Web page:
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Cho Yong-pil, K-Pop legend

American music magazine Billboard praised Korean singer Cho Yong-pil as "the Michael Jackson of Korea" in an April 28 article titled “Cho Yong Pil Knocks PSY From No. 1 on K-Pop Hot 100.”

Starting with "The king is back," the article introduces the 63-year-old singer by saying “If anyone was going to go head to head with PSY in native South Korea, then it needed to be Cho Yong Pil." As Elvis Presley has been called the "King of Rock and Roll," Cho has earned his own nicknames, first "National Singer" and then "King of K-Pop."

His 19th album Hello, his first release in ten years, has been garnering rave reviews from both home and abroad. The long-awaited album was made possible with the participation of 23 foreign musicians from America, Sweden, Thailand, Britain, and Japan, which is quite different from the way his previous albums were produced.

A series of mixing and mastering works done in the five countries in a year-and-a-half timespan were needed to complete his new album.

The most attention has been showered on the track “Bounce,” whose cheerful and lively sounds tickle the listener's ears. The King of K-Pop, who marks the 45th anniversary of his debut this year, didn’t hesitate to change his musical style for his new album.

When asked about the change in an interview, he was quoted as saying "There was a certain sentiment dominating 1980s music. The trends existing at that time now have disappeared. Likewise culture is changing.

"The American music of the '50s and '60s is quite different from the musical styles dominating American music now," he spoke in a local press interview of the reason why he had to change his singing style and moderate his emotions in the lyrics of his new songs.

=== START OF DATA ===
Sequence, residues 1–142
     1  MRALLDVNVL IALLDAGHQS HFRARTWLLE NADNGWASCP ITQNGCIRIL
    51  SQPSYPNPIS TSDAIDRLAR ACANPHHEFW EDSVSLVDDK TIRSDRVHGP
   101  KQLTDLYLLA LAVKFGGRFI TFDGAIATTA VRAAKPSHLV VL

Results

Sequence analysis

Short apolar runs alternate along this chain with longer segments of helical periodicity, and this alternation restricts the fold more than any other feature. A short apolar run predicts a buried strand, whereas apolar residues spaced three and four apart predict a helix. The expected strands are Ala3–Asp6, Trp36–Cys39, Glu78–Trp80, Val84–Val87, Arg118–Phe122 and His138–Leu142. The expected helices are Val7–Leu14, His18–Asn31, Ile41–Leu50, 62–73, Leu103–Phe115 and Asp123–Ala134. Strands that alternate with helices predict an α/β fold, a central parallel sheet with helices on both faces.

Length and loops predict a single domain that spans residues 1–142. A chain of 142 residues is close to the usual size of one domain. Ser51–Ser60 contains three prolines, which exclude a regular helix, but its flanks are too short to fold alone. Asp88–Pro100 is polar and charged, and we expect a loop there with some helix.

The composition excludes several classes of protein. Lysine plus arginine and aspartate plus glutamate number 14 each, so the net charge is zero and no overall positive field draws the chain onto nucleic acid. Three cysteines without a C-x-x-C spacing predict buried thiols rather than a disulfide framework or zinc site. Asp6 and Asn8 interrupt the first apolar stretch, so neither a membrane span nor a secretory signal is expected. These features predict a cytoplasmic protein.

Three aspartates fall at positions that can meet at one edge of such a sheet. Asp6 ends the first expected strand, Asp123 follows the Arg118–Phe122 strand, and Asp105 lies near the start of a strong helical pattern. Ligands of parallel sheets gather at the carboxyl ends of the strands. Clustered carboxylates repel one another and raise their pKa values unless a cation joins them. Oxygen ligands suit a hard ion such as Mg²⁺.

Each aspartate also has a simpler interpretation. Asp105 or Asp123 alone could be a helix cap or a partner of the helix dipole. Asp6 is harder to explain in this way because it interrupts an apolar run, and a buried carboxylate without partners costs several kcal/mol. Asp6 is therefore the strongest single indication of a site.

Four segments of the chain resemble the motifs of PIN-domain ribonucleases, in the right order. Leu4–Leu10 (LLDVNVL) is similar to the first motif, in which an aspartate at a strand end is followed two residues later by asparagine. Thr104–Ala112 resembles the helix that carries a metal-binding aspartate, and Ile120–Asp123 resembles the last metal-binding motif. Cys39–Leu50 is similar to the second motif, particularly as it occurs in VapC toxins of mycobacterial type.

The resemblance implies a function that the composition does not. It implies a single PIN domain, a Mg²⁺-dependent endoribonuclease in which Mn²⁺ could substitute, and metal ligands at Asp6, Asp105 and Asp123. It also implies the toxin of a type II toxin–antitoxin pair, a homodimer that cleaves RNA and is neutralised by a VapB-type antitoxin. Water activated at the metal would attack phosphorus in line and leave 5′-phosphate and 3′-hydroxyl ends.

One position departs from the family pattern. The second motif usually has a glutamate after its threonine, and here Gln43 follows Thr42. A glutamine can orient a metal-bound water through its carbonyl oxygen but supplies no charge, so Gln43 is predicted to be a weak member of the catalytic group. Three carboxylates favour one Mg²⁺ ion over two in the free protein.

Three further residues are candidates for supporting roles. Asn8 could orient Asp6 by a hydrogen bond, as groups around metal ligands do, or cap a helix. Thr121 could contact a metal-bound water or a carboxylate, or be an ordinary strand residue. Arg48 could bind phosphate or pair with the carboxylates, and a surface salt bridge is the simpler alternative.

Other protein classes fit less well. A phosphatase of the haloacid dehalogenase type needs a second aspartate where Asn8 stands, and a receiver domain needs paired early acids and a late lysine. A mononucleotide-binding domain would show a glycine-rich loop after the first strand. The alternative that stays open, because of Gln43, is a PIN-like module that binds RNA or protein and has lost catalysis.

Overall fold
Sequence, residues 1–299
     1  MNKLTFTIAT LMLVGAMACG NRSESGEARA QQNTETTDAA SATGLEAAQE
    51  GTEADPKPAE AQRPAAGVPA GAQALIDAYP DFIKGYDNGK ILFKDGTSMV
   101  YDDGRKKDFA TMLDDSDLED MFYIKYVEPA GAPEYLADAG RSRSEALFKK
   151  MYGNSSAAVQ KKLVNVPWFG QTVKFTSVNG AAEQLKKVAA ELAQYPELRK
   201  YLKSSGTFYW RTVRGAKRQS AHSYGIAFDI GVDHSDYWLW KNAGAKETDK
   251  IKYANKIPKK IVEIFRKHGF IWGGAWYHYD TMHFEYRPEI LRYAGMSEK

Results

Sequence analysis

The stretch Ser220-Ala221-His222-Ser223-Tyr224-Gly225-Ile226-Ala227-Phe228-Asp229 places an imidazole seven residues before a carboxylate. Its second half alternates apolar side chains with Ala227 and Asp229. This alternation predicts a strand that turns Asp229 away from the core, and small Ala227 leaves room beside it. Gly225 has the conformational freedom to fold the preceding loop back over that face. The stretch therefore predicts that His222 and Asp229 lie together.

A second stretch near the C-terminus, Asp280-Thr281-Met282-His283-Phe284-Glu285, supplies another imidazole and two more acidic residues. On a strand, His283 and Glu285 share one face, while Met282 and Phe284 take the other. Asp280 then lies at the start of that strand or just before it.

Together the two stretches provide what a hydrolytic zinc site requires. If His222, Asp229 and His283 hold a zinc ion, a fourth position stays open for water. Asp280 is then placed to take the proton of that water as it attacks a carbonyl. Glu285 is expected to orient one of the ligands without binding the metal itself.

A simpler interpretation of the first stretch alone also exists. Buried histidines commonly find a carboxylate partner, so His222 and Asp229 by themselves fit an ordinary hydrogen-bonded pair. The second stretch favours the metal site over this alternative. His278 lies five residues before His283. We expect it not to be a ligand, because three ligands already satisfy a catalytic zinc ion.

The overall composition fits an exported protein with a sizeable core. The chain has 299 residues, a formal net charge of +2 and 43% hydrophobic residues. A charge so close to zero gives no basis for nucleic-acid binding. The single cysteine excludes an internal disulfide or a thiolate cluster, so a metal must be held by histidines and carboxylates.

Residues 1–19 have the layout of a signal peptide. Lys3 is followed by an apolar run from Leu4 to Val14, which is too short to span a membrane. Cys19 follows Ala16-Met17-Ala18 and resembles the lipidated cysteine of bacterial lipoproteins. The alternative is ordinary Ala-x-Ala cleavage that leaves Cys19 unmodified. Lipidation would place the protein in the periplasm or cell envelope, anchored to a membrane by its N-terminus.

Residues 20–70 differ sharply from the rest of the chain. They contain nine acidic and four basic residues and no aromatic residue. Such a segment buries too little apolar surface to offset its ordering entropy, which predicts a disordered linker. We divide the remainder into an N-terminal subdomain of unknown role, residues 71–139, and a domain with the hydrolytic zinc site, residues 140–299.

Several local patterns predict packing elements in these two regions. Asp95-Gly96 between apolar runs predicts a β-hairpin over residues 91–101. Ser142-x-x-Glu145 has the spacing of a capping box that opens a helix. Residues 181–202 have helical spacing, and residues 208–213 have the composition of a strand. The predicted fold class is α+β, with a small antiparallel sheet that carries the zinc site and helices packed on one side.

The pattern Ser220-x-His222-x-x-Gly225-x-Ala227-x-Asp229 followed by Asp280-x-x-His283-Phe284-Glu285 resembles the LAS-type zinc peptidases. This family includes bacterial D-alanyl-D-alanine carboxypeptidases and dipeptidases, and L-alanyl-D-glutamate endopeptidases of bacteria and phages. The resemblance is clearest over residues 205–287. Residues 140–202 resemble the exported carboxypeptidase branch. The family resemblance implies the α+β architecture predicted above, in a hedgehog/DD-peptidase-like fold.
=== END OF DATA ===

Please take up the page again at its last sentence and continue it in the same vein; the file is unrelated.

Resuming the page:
Cho’s constant practice and self-innovation has made it possible for him to perform on stage for 45 years (photo courtesy of YPC Production).

Cho’s constant practice and self-innovation has made it possible for him to perform on stage for 45 years (photo courtesy of YPC Production).


From unknown to legendary

Cho Yong-pil was the sixth born of four sons and three daughters in Hwaseong, Gyeonggi-do (Gyeonggi Province) in 1950. He graduated from Kyungdong Middle and High schools where Korea's acclaimed actor Ahn Sung-ki was one of his classmates. Inspired by Ahn's musical talents and band experiences, Cho started playing the guitar with him.

Although his parents constantly asked him to focus on getting accepted into a prestigious university, he never took his fingers off his guitar, and even ran away from home in pursuit of his musical dreams.
His musical journey started off with experiences at clubs around the 8th U.S. Army base and moved onto stages in Busan, which has now become his second home.

He had remained unknown until 1976 when one of his songs caused a worldwide sensation. His song “Please Return to Pusan Port” struck a chord with people from all around the world. The sensational song started getting attention exactly two years after its 1973 official release. Its LP sales shot to over 100,000, setting a milestone in the Korean music world. The emerging of the singer in the port city caused a "cultural innovation" throughout the nation, instead of being limited to Seoul.

The song even impressed France's pop legend Paul Mauriat so much that he arranged the song for his new album at the end of 1978.